Charities Struggle with Disengaged Public
9 April 2015 at 11:00 am
Do charity campaigns inspire people to act and are men better at ‘giving’? Well apparently not, according to two new research reports from the UK.
The latest research from nfpSynergy in the UK reveals that charity campaigns have inspired just one in seven people to take political action in the last year.
According to the statistics, just 14 per cent signed a petition, three per cent wrote a letter to their local MP and one per cent went to meet their MP face-to-face. 16 per cent said they had spoken to friends or family about an issue as a result of a charity campaign, but more than half had done nothing.
The research found that whilst charities play an important role in encouraging political engagement, over half (57 per cent) of the public still report having taken no action following charity campaigns.
“Charities are facing an up-hill battle to persuade the public to engage in the political process on their behalf,” nfpsynergy boss, Joe Saxton said.
“People often underestimate the impact an individual can have, so demonstrating what they could achieve (much like fundraising appeals do) and the importance MPs place on issues that concern their constituents could motivate greater public response to campaigns.”
There is, however, better news on the ‘giving’ front with over a quarter of the people surveyed having donated.
“We also discovered that donors are far more interested in politics than non-donors (58 per cent vs 36 per cent). There is therefore scope for charities to build on engaging their supporter base beyond fundraising by directly appealing to this interest.”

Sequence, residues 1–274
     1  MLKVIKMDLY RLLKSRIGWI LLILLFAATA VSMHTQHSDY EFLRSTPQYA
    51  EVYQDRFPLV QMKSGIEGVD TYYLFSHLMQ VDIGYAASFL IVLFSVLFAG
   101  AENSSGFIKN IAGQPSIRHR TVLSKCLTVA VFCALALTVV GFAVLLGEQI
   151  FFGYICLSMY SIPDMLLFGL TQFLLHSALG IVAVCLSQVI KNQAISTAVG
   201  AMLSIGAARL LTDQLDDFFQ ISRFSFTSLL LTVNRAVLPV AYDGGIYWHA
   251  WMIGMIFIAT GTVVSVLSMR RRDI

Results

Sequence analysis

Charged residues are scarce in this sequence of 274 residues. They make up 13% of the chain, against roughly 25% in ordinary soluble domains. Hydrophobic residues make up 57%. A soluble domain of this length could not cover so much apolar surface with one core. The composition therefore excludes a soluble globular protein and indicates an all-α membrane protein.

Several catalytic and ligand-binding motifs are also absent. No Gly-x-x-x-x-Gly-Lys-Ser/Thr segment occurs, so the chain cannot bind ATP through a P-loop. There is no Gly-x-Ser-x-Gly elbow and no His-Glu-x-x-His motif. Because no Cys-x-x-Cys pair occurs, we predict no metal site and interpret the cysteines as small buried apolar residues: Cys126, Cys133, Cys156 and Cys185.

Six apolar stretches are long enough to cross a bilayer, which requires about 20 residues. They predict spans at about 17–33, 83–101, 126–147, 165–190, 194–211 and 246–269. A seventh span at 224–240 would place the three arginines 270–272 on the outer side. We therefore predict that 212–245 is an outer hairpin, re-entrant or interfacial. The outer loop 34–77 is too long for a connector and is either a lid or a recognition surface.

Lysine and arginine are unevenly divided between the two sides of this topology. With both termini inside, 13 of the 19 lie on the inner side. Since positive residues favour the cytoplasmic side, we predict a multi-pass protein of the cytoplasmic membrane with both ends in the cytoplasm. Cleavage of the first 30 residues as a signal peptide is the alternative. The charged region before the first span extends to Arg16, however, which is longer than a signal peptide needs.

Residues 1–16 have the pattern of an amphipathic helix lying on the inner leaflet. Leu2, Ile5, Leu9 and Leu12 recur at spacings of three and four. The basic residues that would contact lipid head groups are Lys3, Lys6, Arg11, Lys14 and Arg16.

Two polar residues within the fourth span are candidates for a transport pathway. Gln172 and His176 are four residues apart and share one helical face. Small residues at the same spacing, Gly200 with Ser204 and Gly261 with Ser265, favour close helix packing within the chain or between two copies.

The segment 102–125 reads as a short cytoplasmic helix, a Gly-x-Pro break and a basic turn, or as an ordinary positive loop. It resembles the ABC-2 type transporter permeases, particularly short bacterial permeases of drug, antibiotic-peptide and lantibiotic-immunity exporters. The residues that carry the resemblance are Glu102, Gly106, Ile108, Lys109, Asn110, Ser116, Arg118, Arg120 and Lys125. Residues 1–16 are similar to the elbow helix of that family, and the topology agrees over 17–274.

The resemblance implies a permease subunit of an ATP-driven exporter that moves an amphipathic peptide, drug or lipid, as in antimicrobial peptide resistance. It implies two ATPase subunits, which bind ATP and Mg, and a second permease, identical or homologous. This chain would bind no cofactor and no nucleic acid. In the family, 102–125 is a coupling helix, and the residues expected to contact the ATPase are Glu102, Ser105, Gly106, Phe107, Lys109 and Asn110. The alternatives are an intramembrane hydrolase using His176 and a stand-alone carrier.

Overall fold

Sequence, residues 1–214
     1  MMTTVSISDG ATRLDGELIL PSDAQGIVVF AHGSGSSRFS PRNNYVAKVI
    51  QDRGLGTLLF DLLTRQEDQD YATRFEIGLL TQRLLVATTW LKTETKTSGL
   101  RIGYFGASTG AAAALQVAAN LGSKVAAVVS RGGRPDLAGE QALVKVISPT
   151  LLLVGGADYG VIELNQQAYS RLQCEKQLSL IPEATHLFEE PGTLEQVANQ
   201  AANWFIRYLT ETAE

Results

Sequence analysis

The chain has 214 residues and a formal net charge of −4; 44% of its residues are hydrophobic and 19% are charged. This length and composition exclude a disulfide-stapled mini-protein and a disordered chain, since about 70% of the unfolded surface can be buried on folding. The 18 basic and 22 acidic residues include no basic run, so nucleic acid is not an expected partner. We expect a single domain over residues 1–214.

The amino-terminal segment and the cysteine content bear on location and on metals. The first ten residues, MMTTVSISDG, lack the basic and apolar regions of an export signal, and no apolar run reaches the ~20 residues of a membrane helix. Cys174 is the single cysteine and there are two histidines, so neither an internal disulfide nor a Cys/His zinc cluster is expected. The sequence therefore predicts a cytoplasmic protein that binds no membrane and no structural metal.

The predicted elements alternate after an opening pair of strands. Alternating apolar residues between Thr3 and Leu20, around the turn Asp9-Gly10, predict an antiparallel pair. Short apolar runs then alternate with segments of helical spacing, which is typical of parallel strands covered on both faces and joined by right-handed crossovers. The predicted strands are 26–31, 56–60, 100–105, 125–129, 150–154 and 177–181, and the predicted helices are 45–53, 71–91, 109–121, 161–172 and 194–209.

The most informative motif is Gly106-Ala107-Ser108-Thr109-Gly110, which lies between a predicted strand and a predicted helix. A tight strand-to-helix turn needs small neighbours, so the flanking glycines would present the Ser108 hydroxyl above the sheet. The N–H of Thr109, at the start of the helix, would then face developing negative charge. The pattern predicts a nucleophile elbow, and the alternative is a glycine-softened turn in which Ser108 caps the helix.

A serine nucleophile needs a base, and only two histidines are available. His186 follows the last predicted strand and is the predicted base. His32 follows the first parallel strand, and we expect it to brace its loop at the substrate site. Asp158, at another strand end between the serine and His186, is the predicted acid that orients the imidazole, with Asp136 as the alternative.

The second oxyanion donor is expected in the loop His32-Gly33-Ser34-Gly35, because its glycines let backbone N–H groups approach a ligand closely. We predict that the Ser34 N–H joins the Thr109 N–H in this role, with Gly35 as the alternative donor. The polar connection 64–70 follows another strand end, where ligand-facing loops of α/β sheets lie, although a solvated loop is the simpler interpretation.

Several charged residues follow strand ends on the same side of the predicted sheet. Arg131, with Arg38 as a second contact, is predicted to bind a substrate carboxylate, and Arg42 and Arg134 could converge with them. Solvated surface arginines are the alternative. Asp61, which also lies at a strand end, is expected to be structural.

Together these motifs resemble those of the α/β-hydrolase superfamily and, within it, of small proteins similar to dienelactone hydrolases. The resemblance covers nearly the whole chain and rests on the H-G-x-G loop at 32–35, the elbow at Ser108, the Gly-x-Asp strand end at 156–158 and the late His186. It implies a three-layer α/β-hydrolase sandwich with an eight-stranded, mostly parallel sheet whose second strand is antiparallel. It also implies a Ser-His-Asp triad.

Other recent research has found that half of the men in the UK do nothing for charity.
Just under half (48 per cent) of British men fail to support good causes or get involved in social action in a typical month, according to latest figures released by the Charities Aid Foundation.
CAF’s annual UK Giving report found that men are much less likely than women to be involved in supporting causes across all types of giving, including volunteering, donating money and sponsorship.
Over three fifths (63 per cent) of women get involved in some way during a typical month, compared to 52 per cent of men.
Women are also nearly twice as likely to donate to a charity shop, 27 per cent gifting their items in the four weeks prior to interview, compared to 15 per cent of men.
Younger people are also less likely to be involved with supporting good causes, nearly three fifths (58 per cent) of those aged 16 – 24 doing none of the charitable or social actions listed in a typical month. Those aged 45-64 are the most likely to be involved, 63 per cent having done something for a good cause in the previous month.
The report estimates that Britons donated £10.6bn to charity in 2014.